“Her absence is like the sky, spread over everything’
Several months ago an acquaintance recommended I read A Grief Observed by CS Lewis, a short collection of his thoughts in the time following the death of his wife. It sounded dry, dull and completely lacking in lions, witches and wardrobes. I put in on my mental bookshelf, doomed to collect dust until it eventually disappeared from my cluttered mind altogether.
However, recent events conspired to bring this work to the front of my mind, compelling me to seek out the original recommendation (I could only remember it as ‘The Book With Grief In The Title”) and procuring a download of the book two days ago.
I’ve read it twice.
There’s a lot to unpack, and it’s going to be a while before I’ve mentally and emotionally processed all of the thoughts and feelings surfaced while studying the text, but there are a few items that struck an immediate chord.
CS Lewis took a pilgrimage shortly after the passing of his wife, ‘H’. Similar to my time in Ireland, he visited places important to them in life. His discovery, however was that she wasn’t any less absent in those locations than she was anywhere else.
In my race to escape Christine I avoided reminders of her. I went out of my way to avoid anything that would trigger feelings, thoughts and especially emotions related to her being gone.
But the thing is, it didn’t work. No matter what lengths I went to, she was always there. Or rather, she wasn’t there and her constant absence was a reason to remember her.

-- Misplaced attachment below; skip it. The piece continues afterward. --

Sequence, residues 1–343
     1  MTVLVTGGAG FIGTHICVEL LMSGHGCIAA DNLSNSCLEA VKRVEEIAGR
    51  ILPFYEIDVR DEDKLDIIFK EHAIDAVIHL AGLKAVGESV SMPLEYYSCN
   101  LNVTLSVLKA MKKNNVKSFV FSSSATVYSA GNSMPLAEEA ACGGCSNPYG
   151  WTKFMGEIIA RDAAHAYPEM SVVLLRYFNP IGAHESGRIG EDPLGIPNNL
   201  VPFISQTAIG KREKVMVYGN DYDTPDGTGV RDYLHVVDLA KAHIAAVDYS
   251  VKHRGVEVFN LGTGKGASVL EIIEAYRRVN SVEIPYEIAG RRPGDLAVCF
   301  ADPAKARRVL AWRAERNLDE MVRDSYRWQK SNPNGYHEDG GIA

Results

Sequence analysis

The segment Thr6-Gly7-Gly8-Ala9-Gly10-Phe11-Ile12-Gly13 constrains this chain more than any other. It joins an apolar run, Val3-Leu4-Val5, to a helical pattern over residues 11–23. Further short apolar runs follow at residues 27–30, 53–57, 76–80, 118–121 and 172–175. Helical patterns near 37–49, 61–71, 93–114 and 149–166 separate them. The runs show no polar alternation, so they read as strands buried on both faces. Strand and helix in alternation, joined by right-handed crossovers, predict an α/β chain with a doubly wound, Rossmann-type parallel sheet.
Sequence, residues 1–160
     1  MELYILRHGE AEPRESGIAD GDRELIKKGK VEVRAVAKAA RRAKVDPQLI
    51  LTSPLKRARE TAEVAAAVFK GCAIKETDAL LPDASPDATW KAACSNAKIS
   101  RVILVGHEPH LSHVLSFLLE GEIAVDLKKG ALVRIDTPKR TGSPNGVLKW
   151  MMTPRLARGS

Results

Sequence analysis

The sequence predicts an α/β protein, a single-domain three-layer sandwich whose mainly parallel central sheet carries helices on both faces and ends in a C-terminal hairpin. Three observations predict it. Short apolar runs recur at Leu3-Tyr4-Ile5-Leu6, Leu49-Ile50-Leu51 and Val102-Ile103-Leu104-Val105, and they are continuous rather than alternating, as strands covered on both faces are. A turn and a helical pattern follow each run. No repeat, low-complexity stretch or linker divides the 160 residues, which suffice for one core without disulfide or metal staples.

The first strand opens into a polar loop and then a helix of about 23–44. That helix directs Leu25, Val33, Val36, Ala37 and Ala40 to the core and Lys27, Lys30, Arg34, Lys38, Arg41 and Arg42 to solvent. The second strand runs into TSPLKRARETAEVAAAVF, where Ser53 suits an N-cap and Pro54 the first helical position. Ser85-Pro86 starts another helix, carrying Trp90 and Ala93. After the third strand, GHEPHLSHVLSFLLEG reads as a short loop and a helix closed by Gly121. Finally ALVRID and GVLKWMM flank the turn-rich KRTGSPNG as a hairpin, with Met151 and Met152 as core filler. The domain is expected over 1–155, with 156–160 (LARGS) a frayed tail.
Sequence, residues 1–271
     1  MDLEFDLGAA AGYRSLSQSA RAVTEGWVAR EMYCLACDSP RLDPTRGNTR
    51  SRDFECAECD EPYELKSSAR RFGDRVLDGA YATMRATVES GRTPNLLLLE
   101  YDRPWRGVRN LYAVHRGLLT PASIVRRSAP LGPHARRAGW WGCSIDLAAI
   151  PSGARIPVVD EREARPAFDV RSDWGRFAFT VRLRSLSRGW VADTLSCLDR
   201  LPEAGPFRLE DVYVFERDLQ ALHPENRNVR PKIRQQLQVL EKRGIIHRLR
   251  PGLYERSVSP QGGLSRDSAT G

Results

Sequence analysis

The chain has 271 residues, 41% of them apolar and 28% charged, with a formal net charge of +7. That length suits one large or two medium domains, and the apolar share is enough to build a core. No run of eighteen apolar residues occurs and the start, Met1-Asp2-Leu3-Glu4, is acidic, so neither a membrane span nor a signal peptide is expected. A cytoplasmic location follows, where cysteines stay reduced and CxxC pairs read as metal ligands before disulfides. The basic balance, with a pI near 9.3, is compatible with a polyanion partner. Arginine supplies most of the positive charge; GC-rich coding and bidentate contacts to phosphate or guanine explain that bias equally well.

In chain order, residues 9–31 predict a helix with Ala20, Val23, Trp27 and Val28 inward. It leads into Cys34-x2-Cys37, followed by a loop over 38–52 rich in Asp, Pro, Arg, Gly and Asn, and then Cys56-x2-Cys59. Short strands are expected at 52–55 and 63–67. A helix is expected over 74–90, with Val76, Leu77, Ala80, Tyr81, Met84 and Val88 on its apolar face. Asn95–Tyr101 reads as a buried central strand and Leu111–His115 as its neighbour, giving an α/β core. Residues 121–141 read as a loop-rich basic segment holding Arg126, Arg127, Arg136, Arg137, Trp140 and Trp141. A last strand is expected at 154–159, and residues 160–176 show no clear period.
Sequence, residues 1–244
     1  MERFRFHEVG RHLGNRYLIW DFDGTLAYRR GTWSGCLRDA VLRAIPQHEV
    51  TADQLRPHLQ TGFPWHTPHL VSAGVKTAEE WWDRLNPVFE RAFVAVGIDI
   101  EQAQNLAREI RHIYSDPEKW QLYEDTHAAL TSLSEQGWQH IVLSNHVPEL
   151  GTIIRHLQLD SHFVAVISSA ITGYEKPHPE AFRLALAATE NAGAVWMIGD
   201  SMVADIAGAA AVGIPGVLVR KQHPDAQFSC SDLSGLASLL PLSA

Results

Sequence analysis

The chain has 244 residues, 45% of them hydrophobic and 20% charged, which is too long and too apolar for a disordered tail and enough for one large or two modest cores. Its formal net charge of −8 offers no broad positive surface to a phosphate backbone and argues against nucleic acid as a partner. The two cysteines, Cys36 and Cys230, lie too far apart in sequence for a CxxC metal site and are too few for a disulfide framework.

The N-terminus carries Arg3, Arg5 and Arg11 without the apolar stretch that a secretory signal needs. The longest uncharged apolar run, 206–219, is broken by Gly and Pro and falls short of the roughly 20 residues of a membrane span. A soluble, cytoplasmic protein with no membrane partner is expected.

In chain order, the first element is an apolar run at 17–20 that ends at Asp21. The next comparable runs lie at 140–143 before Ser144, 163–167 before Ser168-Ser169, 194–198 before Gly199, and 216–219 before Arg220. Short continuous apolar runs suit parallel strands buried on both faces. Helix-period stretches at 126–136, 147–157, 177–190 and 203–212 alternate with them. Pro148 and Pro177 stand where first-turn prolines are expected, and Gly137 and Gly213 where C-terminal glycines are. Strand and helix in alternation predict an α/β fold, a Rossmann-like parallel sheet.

On the other hand, trying to escape her brought on anxiety and increased the impact of the PTSD I’ve been suffering from. The more I tried to avoid feeling the loss the more I was reminded of it.
I was in a state of near panic constantly.
Now, after finally facing my greatest fear and embracing Christine I have realized something else. She is absolutely everywhere. She is in everything I see, everything I do. There are reminders of her and us. It can be beautiful.
However, as the above quote continues, there is one place she isn’t present in a way that is acute and jagged.
“But no, that is not quite accurate. There is one place where her absence comes locally home to me, and it is a place I can’t avoid. I mean my own body. It had such a different importance while it was the body of H.’s lover. Now it’s like an empty house.”
I may be at the very beginning of learning to live without my beautiful, passionate, magnetic, vibrant, broken, beloved wife, but can I be whole again?
‘It will get better’
Will it? Should it? Lewis compares sharing this statement with a widower to sharing the same sentiment with an amputee, which seems to be the perfect example.
‘The leg you’ve lost will get better’
In one sense, yes. The wound will heal. An amputee will learn to become more ambulatory. Prosthetics will assist even more. You will live, and in time your life will be better than it was just after losing a limb.
But the limb will always be missing.
In the same way, I don’t believe I will ever be whole again. Not like I was with Christine.
Will I live? Yes. Will it get better? Of course. Could I meet someone and fall desperately in love with them? Yes. It’s entirely possible.
But I can’t imagine ever being whole again. Not all the way. There will always be a piece of me that is absent and can never be replaced.
And as much as it hurts, as painful as it is, maybe it’s also OK.
Maybe it’s right to let her have that part of me.